Consider that view in light of a project highlighted in John’s book: a 2,000-page “how-to” policy manual for what the Heritage Foundation and its funders were figuratively and literally praying for in the late 1970s: a Reagan administration. From my perspective, there is something inherently partisan and narrowly beneficial about underwriting and undertaking that kind of work. The same can be said about much of the work of the recently established Center for American Progress, headed by John Podesta, Bill Clinton’s former chief of staff. The center has brought in several million dollars in foundation, donor-advised funds, and other charitable gifts in the past couple of years, all in an attempt to push a modestly progressive policy agenda.
There are many other examples of elite organizations that claim to be nonpartisan public charities working closely with elected and appointed officials to influence policy decisions, often along partisan lines, while reaping millions of dollars in donations from foundations, individuals, and corporations, as well as direct and indirect government subsidies. To me, that kind of advocacy is very different from a 501(c)3 charter school advocating on legislation related to school privatization or an HIV health clinic lobbying for more HIV and AIDS research funding. In other words, it’s one thing for a public charity to lobby or advocate on issues key to its mission, but quite another to have the mission itself be policy research, lobbying, and advocacy—especially direct lobbying that does nothing substantial to educate the public and bring it into the policy process.
Similarly, it is absurd that the same IRS that recently bestowed 501(c)3 tax status on the Center for American Progress would investigate a church in California for criticizing President Bush’s Iraq policies just before the 2004 election. Although I don’t personally believe churches or other charities should be engaging in electioneering activities, I think that the sheer financial size, national scope, and overt ideology of both the Center for American Progress and the Heritage Foundation—and many other charitable organizations—did much more to influence voters in 2004 than one Sunday sermon in one California church.
I’m not saying that charitable organizations do not have a role to play in the policy process, or that the Olin, Walton, and Soros families don’t have the right to give money to the organizations and causes of their choosing. What I am questioning is the real charitable intent and character of some of the nation’s leading think tanks and the extent to which they and their funders deserve preferential tax treatment. Yes, I agree that speaking out on policy issues is a right enjoyed by many nonprofits, and that right should be protected and defended, but is it a universal right for all organizations currently considered charitable, and should this right be underwritten, in part, by substantial tax breaks?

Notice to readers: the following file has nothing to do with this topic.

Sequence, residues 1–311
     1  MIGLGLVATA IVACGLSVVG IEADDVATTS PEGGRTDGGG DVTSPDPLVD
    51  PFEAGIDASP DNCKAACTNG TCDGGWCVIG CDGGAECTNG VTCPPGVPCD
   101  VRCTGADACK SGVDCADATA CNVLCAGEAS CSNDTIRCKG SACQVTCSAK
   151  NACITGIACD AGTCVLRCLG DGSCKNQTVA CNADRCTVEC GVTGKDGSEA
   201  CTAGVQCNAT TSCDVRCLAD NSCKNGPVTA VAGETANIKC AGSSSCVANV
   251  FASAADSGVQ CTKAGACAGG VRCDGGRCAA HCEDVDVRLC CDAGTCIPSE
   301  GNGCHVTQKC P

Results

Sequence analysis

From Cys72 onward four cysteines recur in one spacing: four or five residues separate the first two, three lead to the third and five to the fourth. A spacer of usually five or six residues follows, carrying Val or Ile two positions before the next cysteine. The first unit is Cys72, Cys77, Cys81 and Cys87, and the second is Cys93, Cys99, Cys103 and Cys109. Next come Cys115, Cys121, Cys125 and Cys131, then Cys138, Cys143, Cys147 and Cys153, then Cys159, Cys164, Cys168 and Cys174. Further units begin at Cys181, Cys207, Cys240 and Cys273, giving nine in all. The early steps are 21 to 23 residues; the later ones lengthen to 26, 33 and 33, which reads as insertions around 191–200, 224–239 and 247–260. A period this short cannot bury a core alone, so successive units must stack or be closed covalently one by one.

Here is another perspective. My experience over the past seven years working at a foundation, researching foundations, and then working as a watchdog of the foundation sector has taught me that most foundations are incredibly undemocratic institutions, nearly untouched and unmoved (and at times angered) by outside or unsolicited feedback or criticism. And I know that “collectivism” is a dirty word for most people in the audience, but from my perspective, we are all footing the tax breaks that foundations and other nonprofits receive at their inception and throughout their institutional lives. In the case of the nation’s largest foundations that have been recently established and continue to grow, this lost tax revenue can easily cost billions of dollars. Yet only a handful of foundation board members or foundation trustees have any say in how that money is actually used.
This brings me to the life spans of the nation’s foundations, a topic key to the Olin story. In 2003, the Bill and Melinda Gates Foundation had assets approaching $30 billion. How much larger will their foundation become upon their deaths? What about the Walton family, estimated to be worth collectively over $100 billion, and the family’s foundations? Considering that 30 years ago no one really knew of the Waltons, it’s hard to predict who in coming years could have control over this kind of tax-exempt wealth. I’m guessing many people here are comfortable with the Walton Family Foundation perhaps someday giving away about $5 billion each year to policy advocacy nonprofits, but think about your reaction if it were a radically progressive family handing out that cash to influence policy. What if future generations of the Waltons are more progressive than the current members of the family, and completely overhaul the foundation’s program areas and giving strategies? That was a real worry for John Olin, especially after what happened at the Ford Foundation in the late 1970s.